Welcome Guest Search | Active Topics |

Tag as favorite
Physics Questions
Moiz_6047
#1 Posted : Friday, May 21, 2021 5:18:46 PM
Rank: Advanced Member

Groups: Registered
Joined: 5/3/2021
Posts: 38

Thanks: 0 times
Was thanked: 0 time(s) in 0 post(s)
Hi!

I had some physics questions:

1) w = delta KE + delta PE, both of these together or separately. How then does w = delta KE? Also, can we conclude that w = delta PE for forces involving a potential energy?

2) How do we know the MA of a pulley? By counting the number of circles? Also, if you increase pulley diameter does that increase MA?

3) Can you please explain the answer choice for Q32 in the ICE #2? What is the differentiating factor between conservative and non-conservative forces? I'm not sure how to determine if it is path dependant or not because the distance it travels seems significant.


4) Is the energy stored in muscles always chemical potential? Does this get converted to KE?

5) For Q 41 in the ICE#2 how can we not determine work? I thought if force increases (as seen in the graph) work would also increase?

6) Can you please explain how to do #46 for the ICE #2? When given an angle for a pulley should we ever consider that? How is the lever (In) twice the distance than the lever out?

7) Review q 1 for the first physics lecture: If it is being crushed how do you know that it is pulling in/pushing out?

8) Any good way to know the differences between conservative/nonconservative force?
INSTR_Katrina_128
#2 Posted : Sunday, May 23, 2021 7:37:06 PM
Rank: Advanced Member

Groups: Registered
Joined: 5/18/2021
Posts: 62

Thanks: 0 times
Was thanked: 0 time(s) in 0 post(s)
Hi Moiz,

1) I found this document for you, which goes into really great detail about work, potential energy, kinetic energy, conservative forces, non-conservative forces, and some example calculations. I hope this helps answer your questions.

https://www2.tntech.edu/...rdock/books/v1chap6.pdf

2) For a pulley system, the mechanical advantage is easy to find! Just remember this:

MA = (tensions pulling UP)/(tensions pulling DOWN)

Here is an example:

http://educatedclimber.c...017/03/Gun-Tackle-1.jpg

The rope on the left and in the middle are pulling UP and the rope on the right is pulling DOWN.

Therefore, MA = 2 / 1 = 2.

3) I think the key with this question is that the passage mentions the idea of FATIGUE, implying that performing this action (knee extensions) results in a REDUCTION in force generation -- i.e., it's a non-conservative force! So, the mechanical energy isn't conserved.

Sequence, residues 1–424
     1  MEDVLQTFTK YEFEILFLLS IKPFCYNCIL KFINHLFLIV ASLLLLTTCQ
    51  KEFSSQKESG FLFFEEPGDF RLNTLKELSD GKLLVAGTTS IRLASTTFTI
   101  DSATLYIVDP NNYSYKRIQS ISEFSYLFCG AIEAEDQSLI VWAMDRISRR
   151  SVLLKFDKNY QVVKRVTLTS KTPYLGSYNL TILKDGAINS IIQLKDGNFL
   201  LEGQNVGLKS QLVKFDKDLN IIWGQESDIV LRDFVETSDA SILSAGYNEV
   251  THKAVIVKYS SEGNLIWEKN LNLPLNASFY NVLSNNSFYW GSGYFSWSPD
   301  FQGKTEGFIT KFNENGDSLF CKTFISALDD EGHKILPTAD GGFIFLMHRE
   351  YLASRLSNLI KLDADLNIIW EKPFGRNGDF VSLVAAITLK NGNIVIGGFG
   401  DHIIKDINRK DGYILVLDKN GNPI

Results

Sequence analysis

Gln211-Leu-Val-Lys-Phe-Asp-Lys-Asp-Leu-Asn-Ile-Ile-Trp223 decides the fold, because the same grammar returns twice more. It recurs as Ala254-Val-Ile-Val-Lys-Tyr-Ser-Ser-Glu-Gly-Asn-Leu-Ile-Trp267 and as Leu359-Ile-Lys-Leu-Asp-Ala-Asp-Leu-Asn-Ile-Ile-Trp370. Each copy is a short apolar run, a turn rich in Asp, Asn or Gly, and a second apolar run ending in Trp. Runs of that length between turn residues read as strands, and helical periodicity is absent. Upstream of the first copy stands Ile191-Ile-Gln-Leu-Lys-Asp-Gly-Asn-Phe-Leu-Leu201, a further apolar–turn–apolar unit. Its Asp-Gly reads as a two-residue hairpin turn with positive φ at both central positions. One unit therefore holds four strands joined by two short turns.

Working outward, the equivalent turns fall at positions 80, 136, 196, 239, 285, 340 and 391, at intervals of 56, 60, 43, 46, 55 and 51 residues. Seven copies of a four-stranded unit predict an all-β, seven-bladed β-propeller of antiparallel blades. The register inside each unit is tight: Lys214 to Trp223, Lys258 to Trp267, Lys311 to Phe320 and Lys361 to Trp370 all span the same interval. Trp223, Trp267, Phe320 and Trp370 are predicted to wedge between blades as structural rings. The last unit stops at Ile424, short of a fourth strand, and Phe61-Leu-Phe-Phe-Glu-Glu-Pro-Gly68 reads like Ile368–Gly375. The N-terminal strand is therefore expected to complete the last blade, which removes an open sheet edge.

4) Muscles used stored CHEMICAL energy (like you said) to both kinetic energy AND heat.

5) Although it is true that work increases as a function of distance, the graph is plotting FORCE vs. POWER.

To get from force to work, we need distance! Neither the passage nor the graph gives us distance.

To get from power to work, we need time! Although the passage mentions time, this value of time is NOT connected to the graph. The graph doesn't give us time, either.

So, we cannot actually determine which curve has the "highest work". There isn't enough info. :(

6) First, the mass is 10 kg, so it WEIGHS (force) 100 N.
Next, we gain a MA of 2/1 using our pulley system, so the force "feels" like 100 N / 2 = 50 N by using the pulley system, but this would be if we had the rope labelled F parallel to the other ropes in the pulley system.
Because the rope labelled F is at a wonky angle, it actually makes the force that we need to apply EVEN LESS! Since sin(30°) = 0.5 (provided), then the applied force is 0.5(50 N) = 25 N.

7) We are looking at this question from the perspective of the cell.

If the cell is being crushed by something else, then the cell wants to NOT be crushed (because... who wants to be crushed?). So, the cell will resist this force, and PUSH OUT against the crushing force.

8) Non-conservative forces dissipate energy into other forms (usually heat). Conservative forces DO NOT do this.

Or... you can memorize a list! :D

Conservative forces:
- gravitational force
- spring force
- electrostatic force
- buoyancy force

Non-Conservative forces:
- friction
- air resistance
- drag
- material stress
- viscosity
- resistance to electric current
Users browsing this topic
Guest (2)
Tag as favorite
You cannot post new topics in this forum.
You cannot reply to topics in this forum.
You cannot delete your posts in this forum.
You cannot edit your posts in this forum.
You cannot create polls in this forum.
You cannot vote in polls in this forum.

Clean Slate theme by Jaben Cargman (Tiny Gecko)
Powered by YAF | YAF © 2003-2009, Yet Another Forum.NET
This page was generated in 0.121 seconds.